Holiday “Productivity”

woman with child looking out the window. Holiday "productivity"

December is a busy month. Managing the various holiday responsibilities can feel like an additional part-time job. In spite of rushing around and working hard, we can end up feeling like we aren’t being very productive. No matter how much we do, there still seem to be unaccomplished tasks on the never-ending to-do list, including:

  • Purchasing, wrapping, and sending gifts
  • Decorating
  • Preparing special foods
  • Sending holiday cards
  • Hosting and/or attending parties
  • Planning family gatherings
  • Moving the “Elf on the Shelf”
  • Making charitable donations and purchases
  • Attending holiday concerts, worship services, and special events

Will we ever get everything done?

 In the past, I’ve given tips on how to calm the craziness of the season, manage holiday clutter,  and save time where you can. This year I would like you to reconsider what “being productive” during the holiday season really means. As the Grinch came to realize in the famous television special, there is “a little bit more” to Christmas (and other holidays) than simply checking items off of the to-do list. That is what makes them so special!

So how can you feel productive during the holidays? By giving yourself credit for all of the things you are doing to show love, kindness, and generosity. I suspect that many of you are sacrificing time, energy, and resources this month with little recognition and for little credit. Therefore, I hope you will accept this post as acknowledgement that all you do is important, “no matter how small.”

My hat is off to all of you who are…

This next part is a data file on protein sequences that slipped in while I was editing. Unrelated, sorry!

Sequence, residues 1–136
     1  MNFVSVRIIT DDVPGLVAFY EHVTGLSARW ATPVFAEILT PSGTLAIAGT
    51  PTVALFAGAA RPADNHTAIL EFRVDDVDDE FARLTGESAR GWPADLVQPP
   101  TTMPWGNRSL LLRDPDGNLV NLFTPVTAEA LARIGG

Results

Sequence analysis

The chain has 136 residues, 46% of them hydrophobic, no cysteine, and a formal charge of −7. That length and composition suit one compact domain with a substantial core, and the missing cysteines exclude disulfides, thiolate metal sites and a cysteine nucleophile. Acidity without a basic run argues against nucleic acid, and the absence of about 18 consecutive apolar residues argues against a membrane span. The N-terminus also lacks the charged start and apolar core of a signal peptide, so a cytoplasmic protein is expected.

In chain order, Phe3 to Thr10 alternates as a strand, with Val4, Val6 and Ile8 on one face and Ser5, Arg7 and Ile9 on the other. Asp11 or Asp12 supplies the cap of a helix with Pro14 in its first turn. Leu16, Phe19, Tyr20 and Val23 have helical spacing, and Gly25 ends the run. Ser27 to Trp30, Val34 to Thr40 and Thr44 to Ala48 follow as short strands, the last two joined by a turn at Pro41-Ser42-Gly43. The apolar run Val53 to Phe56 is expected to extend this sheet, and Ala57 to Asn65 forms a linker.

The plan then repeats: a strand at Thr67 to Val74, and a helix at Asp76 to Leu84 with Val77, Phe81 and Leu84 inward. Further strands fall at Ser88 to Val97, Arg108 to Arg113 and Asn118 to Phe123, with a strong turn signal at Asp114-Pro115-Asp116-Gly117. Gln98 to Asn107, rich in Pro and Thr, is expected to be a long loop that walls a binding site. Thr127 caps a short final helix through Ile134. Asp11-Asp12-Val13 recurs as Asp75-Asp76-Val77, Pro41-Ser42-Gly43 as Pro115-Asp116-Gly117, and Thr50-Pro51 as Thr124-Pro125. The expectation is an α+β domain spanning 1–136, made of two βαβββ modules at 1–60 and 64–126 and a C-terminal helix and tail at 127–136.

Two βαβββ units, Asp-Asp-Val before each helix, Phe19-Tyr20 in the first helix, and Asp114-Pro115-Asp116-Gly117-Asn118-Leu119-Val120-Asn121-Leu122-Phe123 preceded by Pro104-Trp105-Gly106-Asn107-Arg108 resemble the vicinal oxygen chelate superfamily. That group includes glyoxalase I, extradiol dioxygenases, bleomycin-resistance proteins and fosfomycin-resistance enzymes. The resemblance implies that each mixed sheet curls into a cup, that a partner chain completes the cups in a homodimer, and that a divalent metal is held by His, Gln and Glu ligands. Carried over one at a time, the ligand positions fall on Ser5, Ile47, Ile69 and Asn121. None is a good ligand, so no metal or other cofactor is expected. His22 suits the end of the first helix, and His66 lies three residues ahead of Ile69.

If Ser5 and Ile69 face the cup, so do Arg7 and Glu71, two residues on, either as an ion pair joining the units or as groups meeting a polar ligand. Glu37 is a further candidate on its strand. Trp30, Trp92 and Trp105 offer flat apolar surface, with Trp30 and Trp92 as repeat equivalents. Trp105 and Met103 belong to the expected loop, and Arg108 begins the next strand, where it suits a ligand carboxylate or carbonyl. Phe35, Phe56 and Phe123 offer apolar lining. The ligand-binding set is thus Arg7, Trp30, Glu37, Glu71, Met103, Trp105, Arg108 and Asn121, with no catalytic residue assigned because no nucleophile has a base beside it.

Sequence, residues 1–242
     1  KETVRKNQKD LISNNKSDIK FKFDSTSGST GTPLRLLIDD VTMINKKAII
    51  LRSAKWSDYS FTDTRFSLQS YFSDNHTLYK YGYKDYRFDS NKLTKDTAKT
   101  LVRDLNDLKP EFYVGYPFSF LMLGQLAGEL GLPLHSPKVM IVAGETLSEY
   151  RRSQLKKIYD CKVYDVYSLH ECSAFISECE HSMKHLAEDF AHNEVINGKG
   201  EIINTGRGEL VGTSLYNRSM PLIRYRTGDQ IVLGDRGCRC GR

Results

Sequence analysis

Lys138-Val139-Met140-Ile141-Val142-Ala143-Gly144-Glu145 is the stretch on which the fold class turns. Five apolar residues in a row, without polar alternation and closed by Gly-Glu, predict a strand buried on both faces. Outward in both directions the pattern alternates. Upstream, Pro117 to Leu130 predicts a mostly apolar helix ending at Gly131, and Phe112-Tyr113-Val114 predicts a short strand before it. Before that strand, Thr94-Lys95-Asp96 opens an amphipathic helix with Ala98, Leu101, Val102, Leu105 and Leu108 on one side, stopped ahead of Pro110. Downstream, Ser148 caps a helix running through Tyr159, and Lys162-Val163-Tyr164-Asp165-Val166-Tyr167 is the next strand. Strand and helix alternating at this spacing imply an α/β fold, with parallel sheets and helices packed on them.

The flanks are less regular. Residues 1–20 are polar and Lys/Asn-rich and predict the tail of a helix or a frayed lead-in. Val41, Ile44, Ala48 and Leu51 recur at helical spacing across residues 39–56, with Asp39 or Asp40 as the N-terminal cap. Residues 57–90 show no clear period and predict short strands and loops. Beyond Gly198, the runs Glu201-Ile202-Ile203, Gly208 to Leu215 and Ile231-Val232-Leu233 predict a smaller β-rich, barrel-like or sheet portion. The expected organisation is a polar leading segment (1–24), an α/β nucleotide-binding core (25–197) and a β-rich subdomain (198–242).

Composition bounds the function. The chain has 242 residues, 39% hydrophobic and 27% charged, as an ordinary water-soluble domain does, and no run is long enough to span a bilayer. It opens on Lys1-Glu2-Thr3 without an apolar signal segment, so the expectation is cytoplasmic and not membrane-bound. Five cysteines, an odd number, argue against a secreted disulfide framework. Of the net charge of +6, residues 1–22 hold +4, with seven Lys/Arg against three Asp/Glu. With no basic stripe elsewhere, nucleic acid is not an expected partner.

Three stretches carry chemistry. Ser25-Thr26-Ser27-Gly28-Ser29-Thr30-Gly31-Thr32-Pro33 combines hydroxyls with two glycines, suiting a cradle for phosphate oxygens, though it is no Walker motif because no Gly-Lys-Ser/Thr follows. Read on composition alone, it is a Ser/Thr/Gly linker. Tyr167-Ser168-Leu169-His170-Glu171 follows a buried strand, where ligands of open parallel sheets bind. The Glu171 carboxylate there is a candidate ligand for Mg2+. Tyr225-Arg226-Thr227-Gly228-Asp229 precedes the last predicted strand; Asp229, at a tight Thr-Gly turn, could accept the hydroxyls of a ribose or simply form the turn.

• Caring for aging parents, especially those who don’t want or appreciate help
  • Altering plans in order to help someone facing a difficult situation
  • Staying up into the wee hours to wrap and assemble toys
  • Sacrificing sleep to feed a baby
  • Remaining in an uncomfortable position so as not to disturb a pet or child asleep next to you.
  • Waiting patiently in a line
  • Buying and delivering gifts to needy people whom you will never meet
  • Serving a meal in a soup kitchen
  • Covering for someone on medical or family leave
  • Forgoing a pleasure so as to have funds to give to someone else
  • Pregnant
  • Fixing technology glitches, for yourself or for someone else
  • Staying awake until teens arrive safely home
  • Cooking and baking, for your family or others
  • Holding your tongue when criticized by someone who is having a bad day
  • Letting someone move ahead of you in line
  • Giving blood
  • Picking up litter
  • Wearing a mask, even if you personally do not think it is necessary
  • Surprising a server with a large tip
  • Sending a care package to someone in the military overseas
  • Walking dogs in the cold & dark
  • Repeatedly reading a book or watching a show that someone else likes
  • Listening to someone tell a story that you have heard before
  • Driving someone to a doctor or therapy appointment
  • Shoveling snow for someone who can’t
  • Holding the door for another person
  • Calling or visiting someone who is lonely
  • Paying someone a compliment
  • Smiling, especially when you don’t feel like it
  • Feeding the birds
  • Posting a positive word on social media
  • Singing with a choir or offering other musical gifts
  • Doing the bulk of the work on a “group” project
  • Doing laundry
  • Washing dishes
  • Picking up after a toddler